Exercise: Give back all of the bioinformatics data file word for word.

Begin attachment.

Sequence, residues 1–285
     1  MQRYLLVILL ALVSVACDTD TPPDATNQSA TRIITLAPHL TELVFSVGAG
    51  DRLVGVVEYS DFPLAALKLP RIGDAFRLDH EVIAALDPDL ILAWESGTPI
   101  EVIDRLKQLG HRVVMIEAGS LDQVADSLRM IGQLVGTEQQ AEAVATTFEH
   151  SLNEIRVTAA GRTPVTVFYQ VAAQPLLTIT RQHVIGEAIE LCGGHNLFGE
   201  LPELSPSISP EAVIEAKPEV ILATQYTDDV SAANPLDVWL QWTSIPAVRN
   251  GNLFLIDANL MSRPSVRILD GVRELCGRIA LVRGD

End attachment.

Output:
Sequence, residues 1–285
     1  MQRYLLVILL ALVSVACDTD TPPDATNQSA TRIITLAPHL TELVFSVGAG
    51  DRLVGVVEYS DFPLAALKLP RIGDAFRLDH EVIAALDPDL ILAWESGTPI
   101  EVIDRLKQLG HRVVMIEAGS LDQVADSLRM IGQLVGTEQQ AEAVATTFEH
   151  SLNEIRVTAA GRTPVTVFYQ VAAQPLLTIT RQHVIGEAIE LCGGHNLFGE
   201  LPELSPSISP EAVIEAKPEV ILATQYTDDV SAANPLDVWL QWTSIPAVRN
   251  GNLFLIDANL MSRPSVRILD GVRELCGRIA LVRGD